“But also women who are forced to confront intensely private choices in the socio-political arena and that’s been consistent since my first feature, Señorita. Even through Tropical Gothic, and I think it’s really just a process for me over the course of my filmmaking career. I did not go to film school.”
“So I don’t have a traditional film background but just to perfect those things until I get to an articulation of my thematic and aesthetic concerns, to create a masterpiece.”
The auteur (she usually writes, directs, produces and acts in her work), who signed with CAA early this year, announced her other projects in the works, including Vespertine for FX.
“This past year, I found myself pitching and developing a few TV projects, including a mystery series for FX as well as a drama about the New York City nightlife scene in the ’90s,” she said. “It’s also looking like I’ll be developing a series set in London, which I’m excited about.”
On creating cinema for Miu Miu which stipulates that the commissioned films in its series use the brand’s clothing but otherwise gives carte blanche to the filmmakers, Isabel explained, “There were challenges for me because it was done in the middle of the pandemic.”
“So I had to come up with a concept and also shoot a film. But most important, it was the first time I was working with fashion in a short film.”
“I think I am fastest and most creative when I am working with screenwriters and also, you could come up with any story that you wanted. So that represented a moment for me to really rethink about my art moving forward, where they have always been tinged with socio-political issues.”
“But this was the moment where I thought, what does art mean to me, what does cinema mean to me, especially today in the world that we are living in? I wanted to experience something sublime, inspiring and uplifting.”
“And for me, that meant to stop looking at political issues on the surface. It was an opportunity for me to really tap into a new voice to a woman’s most intimate personal feelings and thoughts. That’s what came about with Shangri-La.”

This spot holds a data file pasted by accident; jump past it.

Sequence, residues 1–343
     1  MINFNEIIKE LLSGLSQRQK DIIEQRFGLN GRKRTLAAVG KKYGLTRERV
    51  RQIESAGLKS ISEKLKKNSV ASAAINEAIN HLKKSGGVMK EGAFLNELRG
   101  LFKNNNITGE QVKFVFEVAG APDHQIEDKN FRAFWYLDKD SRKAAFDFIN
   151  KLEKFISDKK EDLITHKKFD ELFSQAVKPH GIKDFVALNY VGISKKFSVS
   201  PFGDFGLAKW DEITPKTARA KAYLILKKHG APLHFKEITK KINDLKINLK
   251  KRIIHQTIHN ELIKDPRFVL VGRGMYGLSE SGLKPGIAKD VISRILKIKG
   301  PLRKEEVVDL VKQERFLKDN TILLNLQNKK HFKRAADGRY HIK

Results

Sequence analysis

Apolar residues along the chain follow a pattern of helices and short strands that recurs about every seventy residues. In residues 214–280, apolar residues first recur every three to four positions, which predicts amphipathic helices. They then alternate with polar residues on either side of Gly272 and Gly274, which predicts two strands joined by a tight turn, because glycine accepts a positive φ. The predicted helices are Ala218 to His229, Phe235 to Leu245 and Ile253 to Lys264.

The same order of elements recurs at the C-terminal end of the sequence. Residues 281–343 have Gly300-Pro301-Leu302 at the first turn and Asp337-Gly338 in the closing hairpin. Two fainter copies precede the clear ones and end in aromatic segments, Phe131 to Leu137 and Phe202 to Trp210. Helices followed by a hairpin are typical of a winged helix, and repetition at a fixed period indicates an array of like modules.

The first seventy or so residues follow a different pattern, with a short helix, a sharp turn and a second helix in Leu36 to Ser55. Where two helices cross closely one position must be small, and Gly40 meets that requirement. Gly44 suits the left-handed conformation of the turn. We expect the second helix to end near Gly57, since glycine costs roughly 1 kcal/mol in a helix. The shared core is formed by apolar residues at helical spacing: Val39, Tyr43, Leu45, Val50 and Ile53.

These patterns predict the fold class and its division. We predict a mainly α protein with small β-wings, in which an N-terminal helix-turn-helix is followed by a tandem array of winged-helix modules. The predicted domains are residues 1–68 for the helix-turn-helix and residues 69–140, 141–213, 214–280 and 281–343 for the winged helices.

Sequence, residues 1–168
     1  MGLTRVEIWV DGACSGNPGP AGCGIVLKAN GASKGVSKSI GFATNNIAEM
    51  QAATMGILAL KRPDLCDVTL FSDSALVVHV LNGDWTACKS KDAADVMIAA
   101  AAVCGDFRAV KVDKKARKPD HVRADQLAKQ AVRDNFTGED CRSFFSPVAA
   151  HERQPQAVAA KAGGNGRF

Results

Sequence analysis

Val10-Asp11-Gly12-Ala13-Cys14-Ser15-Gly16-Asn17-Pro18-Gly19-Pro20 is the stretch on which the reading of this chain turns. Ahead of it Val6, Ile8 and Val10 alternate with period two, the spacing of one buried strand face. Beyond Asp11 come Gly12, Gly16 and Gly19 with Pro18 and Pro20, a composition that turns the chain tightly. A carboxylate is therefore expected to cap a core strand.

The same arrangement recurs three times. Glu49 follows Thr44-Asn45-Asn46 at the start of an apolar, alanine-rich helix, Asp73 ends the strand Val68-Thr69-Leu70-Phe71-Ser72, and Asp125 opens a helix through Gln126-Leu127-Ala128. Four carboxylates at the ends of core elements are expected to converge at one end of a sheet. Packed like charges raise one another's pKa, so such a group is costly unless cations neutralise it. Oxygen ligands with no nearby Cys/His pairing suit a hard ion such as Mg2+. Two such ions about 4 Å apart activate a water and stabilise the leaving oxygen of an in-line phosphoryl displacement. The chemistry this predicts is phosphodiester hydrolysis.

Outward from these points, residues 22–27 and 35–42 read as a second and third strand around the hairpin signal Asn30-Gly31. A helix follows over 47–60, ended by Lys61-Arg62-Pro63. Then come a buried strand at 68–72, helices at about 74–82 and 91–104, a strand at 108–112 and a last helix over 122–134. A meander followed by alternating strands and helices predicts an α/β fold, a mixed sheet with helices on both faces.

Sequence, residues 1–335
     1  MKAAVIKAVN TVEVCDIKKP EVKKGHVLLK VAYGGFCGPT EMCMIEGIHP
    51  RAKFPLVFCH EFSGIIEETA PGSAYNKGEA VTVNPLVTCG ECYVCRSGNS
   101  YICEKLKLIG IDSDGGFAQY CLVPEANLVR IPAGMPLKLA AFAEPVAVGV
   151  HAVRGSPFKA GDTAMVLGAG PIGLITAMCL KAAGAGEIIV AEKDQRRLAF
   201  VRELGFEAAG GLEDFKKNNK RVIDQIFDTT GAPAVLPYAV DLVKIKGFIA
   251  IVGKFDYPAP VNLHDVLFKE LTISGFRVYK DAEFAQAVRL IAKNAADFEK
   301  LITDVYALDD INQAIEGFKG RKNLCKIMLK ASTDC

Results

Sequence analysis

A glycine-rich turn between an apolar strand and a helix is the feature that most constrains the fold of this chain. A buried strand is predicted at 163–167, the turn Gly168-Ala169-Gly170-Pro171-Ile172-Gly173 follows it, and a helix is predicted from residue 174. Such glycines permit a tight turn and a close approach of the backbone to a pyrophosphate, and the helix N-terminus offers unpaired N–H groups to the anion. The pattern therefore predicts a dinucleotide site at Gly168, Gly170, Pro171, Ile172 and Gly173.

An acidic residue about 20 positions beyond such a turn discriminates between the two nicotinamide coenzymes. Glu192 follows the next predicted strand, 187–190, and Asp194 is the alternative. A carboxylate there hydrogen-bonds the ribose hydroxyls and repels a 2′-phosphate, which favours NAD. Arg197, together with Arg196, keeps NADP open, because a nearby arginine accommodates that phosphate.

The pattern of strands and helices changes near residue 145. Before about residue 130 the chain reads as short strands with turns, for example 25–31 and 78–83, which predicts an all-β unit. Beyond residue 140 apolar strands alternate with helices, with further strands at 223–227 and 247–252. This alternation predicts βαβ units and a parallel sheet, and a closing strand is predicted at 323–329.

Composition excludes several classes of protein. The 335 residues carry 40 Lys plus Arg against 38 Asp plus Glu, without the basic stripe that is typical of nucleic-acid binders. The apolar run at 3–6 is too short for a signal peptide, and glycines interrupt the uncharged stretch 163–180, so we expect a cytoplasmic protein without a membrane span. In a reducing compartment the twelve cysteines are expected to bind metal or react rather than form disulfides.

“It was my first time on a soundstage. I had never really worked on a soundstage before. It was really freeing to my imagination. I feel like I was able to create really raunchy and just exquisite universes within Shangri-La.”
She added about Shangri-La, which is the 21st in the Women’s Tales series, lauded for celebrating female filmmakers, “What I wanted to do with Shangri-La was to explore something in cinema that hasn’t been given a lot of time and space before – the feeling, the true tearing of, in many ways, the woman’s mind, the woman’s most personal and intimate feelings and thoughts and fashion, which Miu Miu allowed me to bring to life.”
In the time-traveling reverie, Isabel’s character sees herself not only as a farmhand but also as a warrior, princess, and goddess.
“Different people are seen differently – the princess, the goddess, and by having all these conversations be of one in the same woman, I like to think that I am portraying the immense possibility of what it is to be a woman.”
“And it’s not just one thing between mothers and students and teachers and artists – that’s what I wanted to do both as a human being and as a filmmaker – I feel like to show one aspect of myself.”
“With Shangri-La, I am exploring sensuality, beauty, and glamor in filmmaking that I have never tapped into before. A lot of films about women these days use the narrative about women being victims and being marginalized.”